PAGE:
“Navy, Grow With Us”: Following Nationwide Fashion Trend, U.S. Navy Changes Motto, Allows “Full-Bodied” Service Members
by Hugh Jashol
This article first appeared in Article 107 News 15 April 2016.
The U.S. Navy’s plans to loosen its physical fitness requirements and to stop the separation of sailors previously deemed too fat for sea duty has heaped another dose of shame onto the collective heads of the US military’s most-maligned branch of service. Perplexed why the Navy would need to go to extreme lengths to retain unfit personnel during a period of massive military downsizing due to Congressional Sequestration, Article 107 News reached out to the Navy Public Affairs office for comment.
“The US military, like the country as a whole, is adjusting to the concept of “full-figured reality,” explained US Navy spokesseaperson Chief Petty Officer R. Lee Burke.
“Most people in America aren’t fit enough to serve anyway. So instead of doing something about that, we’re just going to go ahead and enable unfit people to stay in. This policy change just reflects the changing fitness levels of the average American seaman… er, ‘sailor,'” he added, using the proper new non-gender-specific way of referring to US Navy personnel.”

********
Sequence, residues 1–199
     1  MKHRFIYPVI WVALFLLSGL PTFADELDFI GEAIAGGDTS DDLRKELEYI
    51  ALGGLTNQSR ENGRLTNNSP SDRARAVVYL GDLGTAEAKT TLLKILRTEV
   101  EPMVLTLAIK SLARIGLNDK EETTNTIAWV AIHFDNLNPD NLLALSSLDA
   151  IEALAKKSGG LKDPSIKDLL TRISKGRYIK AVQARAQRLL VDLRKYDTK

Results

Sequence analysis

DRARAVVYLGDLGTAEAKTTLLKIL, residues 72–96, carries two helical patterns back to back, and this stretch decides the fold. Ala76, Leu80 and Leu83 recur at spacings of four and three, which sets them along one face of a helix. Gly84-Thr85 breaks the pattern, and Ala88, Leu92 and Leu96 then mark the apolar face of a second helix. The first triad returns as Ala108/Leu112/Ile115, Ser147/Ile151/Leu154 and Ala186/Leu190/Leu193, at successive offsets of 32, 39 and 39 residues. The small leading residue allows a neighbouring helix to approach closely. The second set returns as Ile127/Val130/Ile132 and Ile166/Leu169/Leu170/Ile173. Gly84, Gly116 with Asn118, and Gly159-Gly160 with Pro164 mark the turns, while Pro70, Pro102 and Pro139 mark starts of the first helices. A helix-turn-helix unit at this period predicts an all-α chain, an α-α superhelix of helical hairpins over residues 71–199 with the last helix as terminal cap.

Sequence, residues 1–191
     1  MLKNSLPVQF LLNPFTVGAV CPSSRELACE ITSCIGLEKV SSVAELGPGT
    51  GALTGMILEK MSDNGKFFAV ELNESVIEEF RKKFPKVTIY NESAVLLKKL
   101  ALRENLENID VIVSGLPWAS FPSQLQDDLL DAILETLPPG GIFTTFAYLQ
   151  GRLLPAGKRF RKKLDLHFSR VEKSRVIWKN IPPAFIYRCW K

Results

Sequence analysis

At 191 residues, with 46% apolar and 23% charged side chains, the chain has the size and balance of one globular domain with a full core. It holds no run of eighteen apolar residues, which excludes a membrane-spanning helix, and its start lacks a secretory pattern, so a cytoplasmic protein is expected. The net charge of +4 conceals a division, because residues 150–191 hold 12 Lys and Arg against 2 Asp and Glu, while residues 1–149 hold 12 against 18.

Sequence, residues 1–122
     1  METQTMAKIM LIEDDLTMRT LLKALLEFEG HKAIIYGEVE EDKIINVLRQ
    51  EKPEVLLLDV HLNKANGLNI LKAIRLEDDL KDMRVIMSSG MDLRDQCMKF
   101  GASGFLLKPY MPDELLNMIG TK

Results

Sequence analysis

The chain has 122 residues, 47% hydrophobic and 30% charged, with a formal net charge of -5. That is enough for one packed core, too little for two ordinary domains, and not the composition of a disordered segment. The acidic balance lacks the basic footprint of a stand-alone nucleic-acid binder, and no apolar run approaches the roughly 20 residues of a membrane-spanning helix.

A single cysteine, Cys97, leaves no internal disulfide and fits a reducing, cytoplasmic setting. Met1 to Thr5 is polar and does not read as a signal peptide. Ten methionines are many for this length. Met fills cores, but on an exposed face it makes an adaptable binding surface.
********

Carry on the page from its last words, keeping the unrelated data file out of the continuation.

“I mean, if “plus size” is good enough for the cover of Sports Illustrated, it’s certainly good enough for the United States Navy,” he concluded with finality, before dashing off to the ship’s store to purchase another case of Twinkies and half a gallon of Rip-It.
Not everyone sees things the same way, however. “Navy, A Global Force for Good?” scoffed famed former Marine General James Mattis, mocking the Navy’s former motto. “More like ‘A Global Force For Good Eating.’ Look at all these fatbodies…those boots would never last a day in my Corps.”
Taking a page from the US Army, who hasn’t had a decent service slogan since “Be All You Can Be,” the Navy is again switching mottoes. Reflecting their sailors’ burgeoning waistlines, the new Navy slogan, to be revealed at the next Army/Navy football game, is “Navy: Grow With Us.” I guess it’s better than “Navy: You Can Wear White Socks.”
Meh, it’s growing on me.
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